5/19/2012 - The PA was soldered to the board and attached using two 1/4"-20 stainless machine screws, with a thermal pad and Arctic Silver 5 thermal compound to improve heat transfer. The board was then powered and loaded with a program to test the two DACs. The power amplifier control DAC was first set to output 3.5V, the nominal gate voltage during transmit operation. This test checked out, with the actual output being 3.481V. A heatsink was then temporarily attached to the PCB with some thermal adhesive strips, and the program was set to operate with a 13.3% duty cycle (2s on, 13s off), representative of the worst-case power dissipation the device will see. This resulted in a case temperature (measured at the base of the PA) of 50.5°C average, well within acceptable limits. The waveform DAC was then tested. After seeing no output, I inspected the PCB to find that the SCLK line was not soldered. After fixing that, the program was then set to generate 1200Hz and 2200Hz tones at 217mVpp, representative of the APRS 1s and 0s to be used in the final application. These waveforms were recorded before and after the low-pass filter and are shown below. The program was then set to generate a tone burst of 84 bits of alternating 1s and 0s, which was recorded and is shown below. The program was then modified to transmit a pre-defined bitstream, allowing the board to transmit its first APRS packet, as verified in MULTIPSK. The LCD and GPS were then soldered. When the board was powered, I discovered that the 3.3V rail was being shorted to ground. Inspection of the LCD and GPS showed that the footprint for the GPS was reversed. This was fixed by flipping the GPS 180 degrees and soldering a new 45 degree header to it and to the main board. The program was then updated to use the LCD. I discovered two circuit errors in my debugging; first, the data/command line of the LCD was not connected to any I/O pins, second, the reset line was left floating. I corrected these errors by tying the D/C line to pin P1.1 on the MCU, and shorting reset to Vcc.

5/20/2012 - The program was modified to receive and parse GPS data, and now displays Sattelites, Fix, UTC Time, Latitude, Longitude, and Altitude on the screen. Further testing has shown the LCD to have intermittent errors such as the screen blacking out, or the addressing being misaligned. The solution appears to be to tie the reset line to an I/O pin and perform a proper reset on startup. The program was also modified to use the ADC to read the battery voltage. A 5-point calibration was done, which shows an offset error of 20mV, now corrected in software.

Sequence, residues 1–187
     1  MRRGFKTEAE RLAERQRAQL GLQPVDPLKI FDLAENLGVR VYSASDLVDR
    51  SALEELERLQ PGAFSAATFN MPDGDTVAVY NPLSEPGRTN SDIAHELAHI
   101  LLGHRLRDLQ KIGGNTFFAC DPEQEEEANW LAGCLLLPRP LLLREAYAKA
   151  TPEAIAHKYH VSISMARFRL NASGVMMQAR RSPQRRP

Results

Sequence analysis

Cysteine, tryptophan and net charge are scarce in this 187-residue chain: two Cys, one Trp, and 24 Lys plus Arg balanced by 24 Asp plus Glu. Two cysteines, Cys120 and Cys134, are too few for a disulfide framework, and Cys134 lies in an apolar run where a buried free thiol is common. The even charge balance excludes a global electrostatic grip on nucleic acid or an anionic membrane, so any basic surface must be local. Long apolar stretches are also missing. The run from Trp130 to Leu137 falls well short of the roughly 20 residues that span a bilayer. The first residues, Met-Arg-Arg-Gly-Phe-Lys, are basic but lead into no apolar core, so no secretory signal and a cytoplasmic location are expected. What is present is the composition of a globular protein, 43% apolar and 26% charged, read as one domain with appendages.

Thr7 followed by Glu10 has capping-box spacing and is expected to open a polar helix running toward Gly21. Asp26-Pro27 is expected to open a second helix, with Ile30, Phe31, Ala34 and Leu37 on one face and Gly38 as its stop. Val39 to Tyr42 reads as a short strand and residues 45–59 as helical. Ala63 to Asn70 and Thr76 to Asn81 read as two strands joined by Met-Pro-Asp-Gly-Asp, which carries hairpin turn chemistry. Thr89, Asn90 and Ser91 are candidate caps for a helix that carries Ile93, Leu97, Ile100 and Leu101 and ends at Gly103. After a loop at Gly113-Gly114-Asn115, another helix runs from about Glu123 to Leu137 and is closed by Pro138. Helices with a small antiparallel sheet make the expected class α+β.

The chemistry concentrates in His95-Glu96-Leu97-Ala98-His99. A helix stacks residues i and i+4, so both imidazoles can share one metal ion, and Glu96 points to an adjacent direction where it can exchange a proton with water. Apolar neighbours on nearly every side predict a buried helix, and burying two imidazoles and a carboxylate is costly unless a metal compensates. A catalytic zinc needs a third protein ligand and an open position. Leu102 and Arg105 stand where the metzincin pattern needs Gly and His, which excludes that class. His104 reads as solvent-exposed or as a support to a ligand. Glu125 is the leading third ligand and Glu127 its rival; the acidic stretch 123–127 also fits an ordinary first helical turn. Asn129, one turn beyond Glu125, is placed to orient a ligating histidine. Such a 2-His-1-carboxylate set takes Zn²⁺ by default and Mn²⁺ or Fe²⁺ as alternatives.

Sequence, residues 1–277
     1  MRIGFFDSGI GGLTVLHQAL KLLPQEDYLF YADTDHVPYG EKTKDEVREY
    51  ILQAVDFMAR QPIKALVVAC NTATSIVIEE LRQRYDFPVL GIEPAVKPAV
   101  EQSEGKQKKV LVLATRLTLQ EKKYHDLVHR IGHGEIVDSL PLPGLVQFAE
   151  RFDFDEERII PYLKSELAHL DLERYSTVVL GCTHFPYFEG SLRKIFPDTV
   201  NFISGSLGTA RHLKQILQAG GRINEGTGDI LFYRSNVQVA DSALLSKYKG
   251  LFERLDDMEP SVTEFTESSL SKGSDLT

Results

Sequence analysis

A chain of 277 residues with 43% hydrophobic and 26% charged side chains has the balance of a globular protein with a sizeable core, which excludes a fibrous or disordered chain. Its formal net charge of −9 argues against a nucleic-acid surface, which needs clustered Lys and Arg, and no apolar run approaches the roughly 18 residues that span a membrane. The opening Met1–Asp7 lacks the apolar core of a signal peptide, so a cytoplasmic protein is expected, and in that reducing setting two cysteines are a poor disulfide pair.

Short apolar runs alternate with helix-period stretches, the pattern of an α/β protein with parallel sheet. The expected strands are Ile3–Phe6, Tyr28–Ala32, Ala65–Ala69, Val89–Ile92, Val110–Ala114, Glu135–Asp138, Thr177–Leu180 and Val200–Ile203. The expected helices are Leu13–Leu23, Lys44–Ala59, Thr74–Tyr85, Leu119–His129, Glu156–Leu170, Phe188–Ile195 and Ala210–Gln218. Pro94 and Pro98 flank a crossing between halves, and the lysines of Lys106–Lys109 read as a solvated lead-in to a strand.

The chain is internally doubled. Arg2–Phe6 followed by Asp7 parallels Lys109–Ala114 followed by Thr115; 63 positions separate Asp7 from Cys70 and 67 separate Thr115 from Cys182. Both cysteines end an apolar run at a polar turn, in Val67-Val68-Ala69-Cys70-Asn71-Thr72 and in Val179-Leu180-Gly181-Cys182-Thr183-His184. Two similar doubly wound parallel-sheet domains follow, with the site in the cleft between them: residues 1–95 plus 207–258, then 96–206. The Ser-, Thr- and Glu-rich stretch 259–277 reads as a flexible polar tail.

• Off current: 615uA @ 8.14V
  • On standby current: 31.2mA @ 8.14V
  • Transmit Rise Time (0->3.15V): 5.0ms
  • Transmit Fall Time (3.5->2V): 1.8ms
  • Case temperature of PA with 13.3% duty cycle: 50.5°C
1200Hz tone before and after the low-pass filter.
2200Hz tone before and after the low-pass filter.
Tone burst of 1200Hz/2200Hz tones after the low-pass filter.

5/25/2012 - An issue was discovered with the LCD displaying garbage during/after transmitting a packet. This was resolved by preventing any LCD writes during the time when a packet is transmitted. This was caused by the interrupts (which require a large proportion of CPU time) breaking up the SPI transmissions to the LCD and causing erroneous data to be written.

5/29/2012 - The APRSGen program, originally written in Python, was modified to C, in order to format GPS data and other information into a packet and convert it into a bitstream that can be transmitted out as tones. This was then implemented in the microcontroller code, allowing transmission of real-time GPS data.

5/30/2012 - The transmitter was tested at a battery voltage of 7.78V on the CXA N9000A spectrum analyzer to measure harmonics, bandwidth, and output power. The results are summarized below:

Specified power Carrier power 2nd Harmonic power 3rd Harmonic power 4th Harmonic power
5W 37dBm -30.00dBm -46.94dBm -53.72dBm
1W 30.42dBm -39.54dBm -56.64dBm -52.51dBm
.5W 27.81dBm -45.39dBm <-60dBm <-60dBm
.1W 20.91dBm -51.40dBm <-60dBm <-60dBm

Harmonics are more than -67dBc, easily meeting the FCC specification of -40dBc and spurious power <25uW for a <25W transmitter.

5/31/2012 - The program was modified to allow control of the output power via the push switch, cycling through 0.1, 0.5, 1, and 5W. Pre-emphasis was added to the 2200Hz tone to improve the copy on standard FM receivers. The amplitudes of the two waveforms are: .217V 1200Hz, .52V 2200Hz. The program was hard-coded to transmit on 144.390MHz so the packets can be put on APRS-IS via a temporary IGate using AGWPE and UI-View32. The LCD displays the current frequency (as a variable, so changes to frequency will be reflected on screen).

6/2/2012 - A new revision PCB was routed to include the fixes outlined below:

  • Added trace from MCU to LCD RST line
  • Added trace from MCU to LCD D/C line
  • Added trace from MCU to LCD backlight PMOS
  • Added 1k resistor to ground on VUSBR line
  • Added tri-state buffer and header to accommodate an external GPS or serial UART connection
Revised rev0Trac VTx schematic.
Revised rev0Trac VTx PCB layout.